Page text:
Treatment: Cleaning coins

You should never clean coins using cleaning products such as silver or copper polish, special cleaning pads or a silver cloth. They will not only make the coins shine like your silverware, but will also leave abrasions – and copper and bronze coins will lose their original colour. Generally speaking, this will strongly reduce the value of the coins. Silver coins become tarnished over time, mainly due to sulphur compounds and humidity in the air. This toning or discolouration – also called ‘patina’ – often creates an attractive effect, especially in older coins, that is very popular with collectors.

In the case of tin or zinc coins, it is especially important to take care that they are not affected by what is know as tin or zinc pest. A process of oxidation causes a reaction in these coins, which become covered in a white powdery substance. There is a danger of this process spreading to other coins, so any afflicted coins should therefore be immediately removed from the collection. People sometimes apply a layer of varnish to the coin, but this is definitely not enough to halt the process.

The best way to avoid problems is to touch the surface of a coin as little as possible. Instead, try to get used to always holding a coin by its edge, between your thumb and index finger. Fingers are naturally a little oily and leave marks behind, especially on the field of coins that have been struck using polished dies. The acids in fingerprints can permanently stain the coin. For the same reason, you should never attach a sticker or label onto coins.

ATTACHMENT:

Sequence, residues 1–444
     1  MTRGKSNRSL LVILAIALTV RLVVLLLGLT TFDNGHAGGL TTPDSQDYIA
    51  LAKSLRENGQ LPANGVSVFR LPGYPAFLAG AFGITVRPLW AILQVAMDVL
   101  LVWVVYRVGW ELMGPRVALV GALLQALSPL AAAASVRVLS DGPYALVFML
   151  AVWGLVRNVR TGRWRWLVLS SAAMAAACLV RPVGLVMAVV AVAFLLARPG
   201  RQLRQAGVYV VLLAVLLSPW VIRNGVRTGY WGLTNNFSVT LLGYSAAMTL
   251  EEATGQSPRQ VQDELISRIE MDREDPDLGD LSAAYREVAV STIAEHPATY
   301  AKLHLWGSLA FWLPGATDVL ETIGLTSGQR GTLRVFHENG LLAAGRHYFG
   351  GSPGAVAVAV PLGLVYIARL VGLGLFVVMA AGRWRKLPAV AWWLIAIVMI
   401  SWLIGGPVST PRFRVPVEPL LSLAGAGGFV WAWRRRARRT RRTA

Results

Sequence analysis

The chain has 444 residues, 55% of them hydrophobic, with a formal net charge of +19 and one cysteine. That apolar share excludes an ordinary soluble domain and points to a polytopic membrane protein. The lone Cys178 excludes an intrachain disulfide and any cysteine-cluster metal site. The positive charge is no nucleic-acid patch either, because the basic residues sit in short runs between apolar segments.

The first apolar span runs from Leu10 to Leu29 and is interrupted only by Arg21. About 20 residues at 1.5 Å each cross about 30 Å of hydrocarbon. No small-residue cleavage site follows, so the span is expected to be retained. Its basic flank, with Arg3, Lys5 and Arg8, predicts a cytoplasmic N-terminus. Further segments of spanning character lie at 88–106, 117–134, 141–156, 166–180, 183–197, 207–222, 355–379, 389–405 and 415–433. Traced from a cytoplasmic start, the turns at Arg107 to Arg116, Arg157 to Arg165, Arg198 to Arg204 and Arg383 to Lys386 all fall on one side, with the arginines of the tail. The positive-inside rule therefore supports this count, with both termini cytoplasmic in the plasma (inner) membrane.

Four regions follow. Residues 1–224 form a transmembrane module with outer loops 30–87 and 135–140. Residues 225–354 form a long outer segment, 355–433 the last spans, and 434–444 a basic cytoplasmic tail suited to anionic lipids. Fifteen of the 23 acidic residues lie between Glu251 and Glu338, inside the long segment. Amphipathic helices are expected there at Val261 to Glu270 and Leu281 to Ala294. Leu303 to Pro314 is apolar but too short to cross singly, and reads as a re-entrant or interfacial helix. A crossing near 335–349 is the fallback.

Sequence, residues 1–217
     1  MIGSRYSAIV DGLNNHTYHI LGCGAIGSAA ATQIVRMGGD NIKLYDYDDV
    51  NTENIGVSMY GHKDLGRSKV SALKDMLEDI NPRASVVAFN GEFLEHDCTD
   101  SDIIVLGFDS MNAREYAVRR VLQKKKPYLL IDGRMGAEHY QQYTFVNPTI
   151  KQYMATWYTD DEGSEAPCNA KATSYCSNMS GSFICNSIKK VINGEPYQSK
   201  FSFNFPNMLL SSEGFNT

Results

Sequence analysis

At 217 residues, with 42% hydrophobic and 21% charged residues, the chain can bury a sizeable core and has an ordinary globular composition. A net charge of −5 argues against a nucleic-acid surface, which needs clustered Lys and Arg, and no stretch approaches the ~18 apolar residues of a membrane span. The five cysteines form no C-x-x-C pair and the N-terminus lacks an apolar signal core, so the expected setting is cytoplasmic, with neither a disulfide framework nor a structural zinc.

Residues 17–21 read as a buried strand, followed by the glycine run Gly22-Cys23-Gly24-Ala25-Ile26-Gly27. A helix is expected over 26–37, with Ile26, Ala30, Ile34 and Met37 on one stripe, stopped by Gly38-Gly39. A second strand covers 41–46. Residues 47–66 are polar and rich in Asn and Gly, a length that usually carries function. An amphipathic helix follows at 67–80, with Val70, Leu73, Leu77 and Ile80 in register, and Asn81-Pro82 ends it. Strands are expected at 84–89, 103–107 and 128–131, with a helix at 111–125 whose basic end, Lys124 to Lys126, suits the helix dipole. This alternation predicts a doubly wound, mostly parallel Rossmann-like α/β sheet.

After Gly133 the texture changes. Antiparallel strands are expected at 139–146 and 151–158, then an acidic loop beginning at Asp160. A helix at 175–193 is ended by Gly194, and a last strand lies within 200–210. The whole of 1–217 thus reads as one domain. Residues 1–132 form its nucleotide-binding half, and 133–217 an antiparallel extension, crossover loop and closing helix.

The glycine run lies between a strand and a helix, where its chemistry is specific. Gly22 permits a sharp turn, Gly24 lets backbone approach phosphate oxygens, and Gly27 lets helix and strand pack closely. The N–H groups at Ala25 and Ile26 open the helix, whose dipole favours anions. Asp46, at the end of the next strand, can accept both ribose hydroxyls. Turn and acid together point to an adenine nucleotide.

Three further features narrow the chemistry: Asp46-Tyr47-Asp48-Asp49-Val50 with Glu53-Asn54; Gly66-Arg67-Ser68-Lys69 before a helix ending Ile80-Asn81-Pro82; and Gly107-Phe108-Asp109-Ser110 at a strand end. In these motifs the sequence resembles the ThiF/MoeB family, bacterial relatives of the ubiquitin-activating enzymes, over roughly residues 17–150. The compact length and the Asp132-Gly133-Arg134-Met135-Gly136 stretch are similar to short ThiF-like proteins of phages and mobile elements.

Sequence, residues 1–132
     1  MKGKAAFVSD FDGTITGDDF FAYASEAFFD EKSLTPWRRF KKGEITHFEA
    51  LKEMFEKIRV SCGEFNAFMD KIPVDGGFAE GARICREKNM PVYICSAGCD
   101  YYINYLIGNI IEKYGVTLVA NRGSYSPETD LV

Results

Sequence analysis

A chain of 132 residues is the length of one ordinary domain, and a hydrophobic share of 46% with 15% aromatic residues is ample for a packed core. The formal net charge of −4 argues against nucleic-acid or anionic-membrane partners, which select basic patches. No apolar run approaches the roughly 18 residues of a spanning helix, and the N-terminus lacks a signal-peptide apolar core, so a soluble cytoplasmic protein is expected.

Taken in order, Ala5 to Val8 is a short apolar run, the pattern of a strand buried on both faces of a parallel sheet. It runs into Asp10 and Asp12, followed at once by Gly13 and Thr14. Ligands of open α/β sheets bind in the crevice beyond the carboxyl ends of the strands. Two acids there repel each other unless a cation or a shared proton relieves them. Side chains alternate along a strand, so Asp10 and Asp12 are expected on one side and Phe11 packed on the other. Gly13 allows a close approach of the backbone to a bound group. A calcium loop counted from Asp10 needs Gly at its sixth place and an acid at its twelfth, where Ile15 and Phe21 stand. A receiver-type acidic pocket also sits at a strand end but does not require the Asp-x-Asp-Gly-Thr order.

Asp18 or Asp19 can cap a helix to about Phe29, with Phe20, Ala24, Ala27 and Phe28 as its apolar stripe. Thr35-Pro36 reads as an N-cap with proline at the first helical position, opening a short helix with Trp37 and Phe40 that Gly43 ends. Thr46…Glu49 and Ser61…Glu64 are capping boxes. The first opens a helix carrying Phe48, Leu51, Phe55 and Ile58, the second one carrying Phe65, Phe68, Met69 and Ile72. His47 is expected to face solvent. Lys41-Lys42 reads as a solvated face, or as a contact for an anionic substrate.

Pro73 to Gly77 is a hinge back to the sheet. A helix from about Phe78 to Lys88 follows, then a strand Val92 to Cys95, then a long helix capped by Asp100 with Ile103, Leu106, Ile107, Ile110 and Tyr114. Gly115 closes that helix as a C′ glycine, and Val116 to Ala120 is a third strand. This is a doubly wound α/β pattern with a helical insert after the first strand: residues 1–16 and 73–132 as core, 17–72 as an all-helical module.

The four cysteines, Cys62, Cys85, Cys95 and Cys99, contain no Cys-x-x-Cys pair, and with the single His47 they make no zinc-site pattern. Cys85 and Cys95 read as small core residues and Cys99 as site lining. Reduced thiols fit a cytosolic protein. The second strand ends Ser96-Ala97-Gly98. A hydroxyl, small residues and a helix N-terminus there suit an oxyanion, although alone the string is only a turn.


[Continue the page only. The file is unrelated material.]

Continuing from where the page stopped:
Nowadays, coins are often kept in cardboard coin holders lined with cellophane which are folded around the coin. These are self-adhesive or can be stapled closed. Information such as reference number, quality, price and suchlike can then be written on the card. However, the problem with this is that it is no longer possible to hold the coin in your hand, resulting in particularly the edge – the ‘third side’! – no longer being entirely visible and making it harder to assess the quality. The same problem applies to slabbed coins. Because these coins are encapsulated in a sealed protective casing made of rigid plastic, the edge can no longer be examined – which is a great shame!

If you intend to use plastic album folios or plastic bags, you should always make sure that they are made from ‘non-leaching’ plastic since they can otherwise damage your coins over time. Bronze coins in particular develop a green coating if they are kept in plastic that is not plasticiser-free and acid-free.

For more information about cleaning coins, see the Encyclopedie van munten en papiergeld